Civil Engineering Career Paths to Consider

by Senior Editor


Civil engineering is a general study that involves creating the unthinkable or even defying the impossible in a way that shapes and suits the modern world. Civil engineers must engage in rigorous research and practice of every aspect found in science, math, and physics prior to gaining their Bachelor of Science or Bachelor of Engineering degrees. Currently, there are at least seven different aspects of civil engineering that degree holders can specialize in when considering their job and future career path.

Geotechnical Engineering

Geotechnical engineers are focused on the materials that are found in the Earth. In order to study the ground materials and determine the conditions lurking under the surface, these engineers rely on the principles of rock and soil mechanics. Deciphering the details of each material allows them to pinpoint the properties that they are composed with and conclude the relevance of each material in a particular project. This field is also known for determining slope and deposit stability, as well as overseeing foundation and similar earthwork project sites. Geotechnical engineers are essentially responsible for the accurate designing and structuring of such foundations.

Structural Engineering

Structural engineers analyze and create structures with the goal of supporting and resisting specific load variables. Commonly, this field is known for combining the laws of physics with modernized design schemes in order to create stable, intricate structures. From establishing structural elements for stadiums to skyscrapers and even to bridges, this is the oldest known specialty in the civil engineering trade.

Materials Engineering

In the simplest of terms, materials engineers are focused on the particular substances that make up each project. Their research consists of thoroughly understanding the relationship between atomic or molecular scaled structures within each individual material and the macroscopic properties. Although this is a much younger field recognized in civil engineering, it has quickly gained popularity due to the skill becoming a crucial element in both failure analysis and forensic engineering.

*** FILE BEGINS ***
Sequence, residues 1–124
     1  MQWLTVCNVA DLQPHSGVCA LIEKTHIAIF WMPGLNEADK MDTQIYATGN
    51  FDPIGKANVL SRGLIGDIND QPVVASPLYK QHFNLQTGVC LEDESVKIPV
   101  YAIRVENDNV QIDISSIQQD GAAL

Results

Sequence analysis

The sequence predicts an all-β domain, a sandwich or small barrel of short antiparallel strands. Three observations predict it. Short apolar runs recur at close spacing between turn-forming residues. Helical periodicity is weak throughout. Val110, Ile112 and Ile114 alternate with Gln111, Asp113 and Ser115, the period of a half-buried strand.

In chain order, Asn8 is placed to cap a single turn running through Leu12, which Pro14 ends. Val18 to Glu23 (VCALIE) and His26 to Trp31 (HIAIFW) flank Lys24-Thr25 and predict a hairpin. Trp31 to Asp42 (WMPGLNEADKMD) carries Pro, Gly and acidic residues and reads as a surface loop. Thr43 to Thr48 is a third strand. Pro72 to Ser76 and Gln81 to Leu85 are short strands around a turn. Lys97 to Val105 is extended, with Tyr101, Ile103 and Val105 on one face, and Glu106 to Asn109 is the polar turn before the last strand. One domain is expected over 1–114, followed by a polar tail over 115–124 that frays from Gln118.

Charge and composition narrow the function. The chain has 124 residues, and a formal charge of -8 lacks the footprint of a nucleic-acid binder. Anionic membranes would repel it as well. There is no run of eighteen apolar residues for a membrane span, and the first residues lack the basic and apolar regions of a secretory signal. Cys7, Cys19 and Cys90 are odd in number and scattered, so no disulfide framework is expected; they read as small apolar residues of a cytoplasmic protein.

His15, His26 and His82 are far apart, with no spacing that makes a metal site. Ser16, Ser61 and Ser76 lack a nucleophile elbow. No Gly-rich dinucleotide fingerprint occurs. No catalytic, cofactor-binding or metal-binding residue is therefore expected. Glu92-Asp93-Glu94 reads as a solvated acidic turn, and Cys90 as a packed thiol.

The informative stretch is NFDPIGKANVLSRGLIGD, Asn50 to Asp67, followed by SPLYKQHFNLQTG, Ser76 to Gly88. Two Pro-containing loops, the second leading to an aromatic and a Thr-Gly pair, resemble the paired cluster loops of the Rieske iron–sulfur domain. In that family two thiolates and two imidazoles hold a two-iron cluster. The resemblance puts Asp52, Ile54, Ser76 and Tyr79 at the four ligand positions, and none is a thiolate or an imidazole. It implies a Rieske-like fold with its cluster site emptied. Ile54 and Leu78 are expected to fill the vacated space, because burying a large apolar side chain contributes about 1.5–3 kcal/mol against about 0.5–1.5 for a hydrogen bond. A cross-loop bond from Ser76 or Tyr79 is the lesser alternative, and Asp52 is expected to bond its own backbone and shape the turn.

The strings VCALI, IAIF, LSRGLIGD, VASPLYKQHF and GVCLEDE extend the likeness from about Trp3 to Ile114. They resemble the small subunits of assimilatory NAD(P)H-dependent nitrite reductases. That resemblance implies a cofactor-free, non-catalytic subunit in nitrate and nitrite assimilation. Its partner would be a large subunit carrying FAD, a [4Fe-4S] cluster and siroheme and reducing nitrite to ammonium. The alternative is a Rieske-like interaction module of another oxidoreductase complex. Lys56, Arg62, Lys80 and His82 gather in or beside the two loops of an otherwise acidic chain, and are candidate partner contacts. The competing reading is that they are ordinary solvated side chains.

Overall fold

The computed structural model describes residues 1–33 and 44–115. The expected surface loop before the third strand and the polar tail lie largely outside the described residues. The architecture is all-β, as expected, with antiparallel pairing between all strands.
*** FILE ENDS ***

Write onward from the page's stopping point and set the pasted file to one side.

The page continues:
Environmental Engineering

Environmental engineers are devoted to improving the Earth by using scientific engineering methods. Their common goals include designing ways to provide clean air, water, and suitable land to natives; as well as creating solutions to a potential crisis in public health. Environmental engineering is an enormous field in itself that encompasses recycling, pollution control, waste and water disposal and management, industrial hygiene, radiation protection, and overall stability in a given environment. Furthermore, these engineers can find a job conducting studies on the possible environmental impacts that could be caused by a proposed structural project.

Earthquake and Water Resource Engineering

Growing areas of interest include earthquake and water resource engineering practices. Earthquake engineers possess unsurpassed knowledge of the necessities a structure requires in order to take on a major earthquake and still remain standing. Experts in this field know not only how to incorporate load variables, but also how to incorporate material stress possibilities. Water resource engineers are strictly concerned with the way water is collected and managed. Studies commonly include aqueducts, a technique that dates as far back as the Roman age when the original aqueduct method was introduced.

Coastal Engineering

Coastal engineers are responsible for managing and maintaining all of the coastlines in and around the entire country, which notably includes marshlands. This field offers a wide variety of aqua-based jobs, from dune restoring to investigating sand sources. Restoring beaches, marshes, wetlands, inlets, and marine structures are amongst the main goals for coastal engineers. This specialty is also responsible for accurately designing sturdy defense systems or structures that can withstand erosion over the course of time and, in other areas, can withstand potential future flooding hazards.

Author Bio

Ryan Ayers is a writer who creates informative articles in relation to education. In this article, he describes potential careers in engineering and aims to encourage further study through Ohio University Online.

This post was written by Senior Editor

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